Family of grizzly bears killed and dumped in Granisle, B.C.
Conservation officers are searching for someone who illegally killed 3 grizzlies in northwest B.C.
Conservation officers are searching for whoever is responsible for killing a family of grizzly bears and dumping their bodies on a logging road in northwest B.C.
The dead bears were found Oct. 16 near the community of Granisle, about 320 kilometres northwest of Prince George.
"They appear to be a family group, being a sow and a couple of cubs," said Flint Knibbs, one of the officers investigating the killing.
Potential impact on grizzly populations
Knibss said that although there is a "fairly healthy" grizzly population in the region, the loss of a sow and two cubs would likely have an impact on a species considered at-risk in the province.
Earlier this year, B.C. grizzly bear expert Lana Ciareniello warned of the impact of losing female grizzlies.
"They are very, very slow reproducing, especially as you get into the Interior of the province and off the salmon streams," she said. "We do not want to be losing or killing adult females."
Knibbs reiterated that point.
"There's no season for shooting cubs. Obviously, there's no season for shooting sows with cubs in their accompaniment," he said.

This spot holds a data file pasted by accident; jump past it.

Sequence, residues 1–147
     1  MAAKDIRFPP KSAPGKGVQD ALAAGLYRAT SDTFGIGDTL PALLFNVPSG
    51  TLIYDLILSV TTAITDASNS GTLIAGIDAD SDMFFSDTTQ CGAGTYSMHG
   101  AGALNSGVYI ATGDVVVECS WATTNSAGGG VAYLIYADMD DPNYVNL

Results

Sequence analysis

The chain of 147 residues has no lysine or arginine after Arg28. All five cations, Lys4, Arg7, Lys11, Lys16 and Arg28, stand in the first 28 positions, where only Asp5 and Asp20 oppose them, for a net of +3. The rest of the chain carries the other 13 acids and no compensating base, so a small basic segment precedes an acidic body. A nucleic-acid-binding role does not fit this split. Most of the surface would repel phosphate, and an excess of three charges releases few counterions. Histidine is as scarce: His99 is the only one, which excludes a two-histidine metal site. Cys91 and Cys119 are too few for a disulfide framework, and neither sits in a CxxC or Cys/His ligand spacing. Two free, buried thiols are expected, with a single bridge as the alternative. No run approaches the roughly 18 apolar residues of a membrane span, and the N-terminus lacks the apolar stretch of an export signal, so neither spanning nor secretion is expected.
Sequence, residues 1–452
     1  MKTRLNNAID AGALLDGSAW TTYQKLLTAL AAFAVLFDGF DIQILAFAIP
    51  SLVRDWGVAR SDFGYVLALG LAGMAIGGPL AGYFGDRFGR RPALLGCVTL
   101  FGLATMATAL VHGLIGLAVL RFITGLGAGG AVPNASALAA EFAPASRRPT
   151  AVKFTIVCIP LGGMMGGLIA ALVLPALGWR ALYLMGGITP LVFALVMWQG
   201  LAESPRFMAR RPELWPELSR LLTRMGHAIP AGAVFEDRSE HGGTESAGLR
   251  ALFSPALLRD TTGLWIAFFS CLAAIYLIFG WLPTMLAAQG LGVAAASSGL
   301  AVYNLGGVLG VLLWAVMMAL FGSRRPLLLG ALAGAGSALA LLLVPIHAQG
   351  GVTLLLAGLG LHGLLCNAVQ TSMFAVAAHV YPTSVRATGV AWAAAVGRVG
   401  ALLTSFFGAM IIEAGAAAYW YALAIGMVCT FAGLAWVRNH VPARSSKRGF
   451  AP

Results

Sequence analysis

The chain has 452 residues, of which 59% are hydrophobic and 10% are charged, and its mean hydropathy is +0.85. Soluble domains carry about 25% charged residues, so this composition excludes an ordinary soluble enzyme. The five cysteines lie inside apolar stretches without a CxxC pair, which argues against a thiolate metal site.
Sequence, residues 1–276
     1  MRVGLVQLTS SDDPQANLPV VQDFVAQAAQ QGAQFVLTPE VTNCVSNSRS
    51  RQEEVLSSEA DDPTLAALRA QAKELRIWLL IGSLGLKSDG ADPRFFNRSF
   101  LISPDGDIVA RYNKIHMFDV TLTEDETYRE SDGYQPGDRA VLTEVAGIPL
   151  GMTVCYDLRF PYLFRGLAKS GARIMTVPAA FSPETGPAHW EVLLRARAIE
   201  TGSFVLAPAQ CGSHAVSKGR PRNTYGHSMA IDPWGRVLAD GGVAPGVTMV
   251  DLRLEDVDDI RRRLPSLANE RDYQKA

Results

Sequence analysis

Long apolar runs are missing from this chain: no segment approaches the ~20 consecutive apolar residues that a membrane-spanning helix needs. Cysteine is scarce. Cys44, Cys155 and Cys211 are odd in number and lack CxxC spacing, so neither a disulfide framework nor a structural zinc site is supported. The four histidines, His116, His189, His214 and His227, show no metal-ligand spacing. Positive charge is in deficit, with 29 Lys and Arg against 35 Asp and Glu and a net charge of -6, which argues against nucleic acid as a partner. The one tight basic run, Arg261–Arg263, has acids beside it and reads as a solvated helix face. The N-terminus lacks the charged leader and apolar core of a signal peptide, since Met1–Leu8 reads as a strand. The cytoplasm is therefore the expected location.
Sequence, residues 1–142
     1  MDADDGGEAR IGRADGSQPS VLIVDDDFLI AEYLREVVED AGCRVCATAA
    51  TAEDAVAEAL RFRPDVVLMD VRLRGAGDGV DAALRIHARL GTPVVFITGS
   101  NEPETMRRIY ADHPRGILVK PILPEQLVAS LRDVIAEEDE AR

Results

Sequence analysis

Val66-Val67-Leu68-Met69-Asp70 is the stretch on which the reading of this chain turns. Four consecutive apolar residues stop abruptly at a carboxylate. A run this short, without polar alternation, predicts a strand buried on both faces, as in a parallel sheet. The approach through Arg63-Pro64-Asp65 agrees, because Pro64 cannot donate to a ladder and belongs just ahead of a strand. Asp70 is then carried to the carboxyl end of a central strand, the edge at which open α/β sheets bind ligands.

"You can't just shoot grizzly bears and leave them without taking them. You have to be properly licensed, so there's a whole host of issues there."
Reward for information
Knibbs said the killings violated numerous parts of the B.C. Wildlife Act and that even if the killings were in self-defence, it needed to be reported to the Conservation Officer Service.
He noted the bodies of the bears are intact and couldn't speculate on what the motivation for the killing might have been.
The B.C Wildlife Federation offers rewards of up to $2,000 for information leading to convictions in cases of illegal hunting. Knibbs asked anyone with information to call the service's hotline at 1-877-962-7277, adding any information is helpful to the investigation.
"I don't know if they were shot in town, and then somebody loaded them up and took them out here, or if they were shot in the woods ... I don't know," he said.
"They were dumped, essentially in the middle of nowhere, on a logging road, so we definitely have our work cut out for us."